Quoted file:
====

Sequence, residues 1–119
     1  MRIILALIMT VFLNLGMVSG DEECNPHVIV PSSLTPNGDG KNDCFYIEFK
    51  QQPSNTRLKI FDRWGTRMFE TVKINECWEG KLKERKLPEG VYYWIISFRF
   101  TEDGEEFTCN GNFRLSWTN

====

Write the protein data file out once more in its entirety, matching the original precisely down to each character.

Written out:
Sequence, residues 1–119
     1  MRIILALIMT VFLNLGMVSG DEECNPHVIV PSSLTPNGDG KNDCFYIEFK
    51  QQPSNTRLKI FDRWGTRMFE TVKINECWEG KLKERKLPEG VYYWIISFRF
   101  TEDGEEFTCN GNFRLSWTN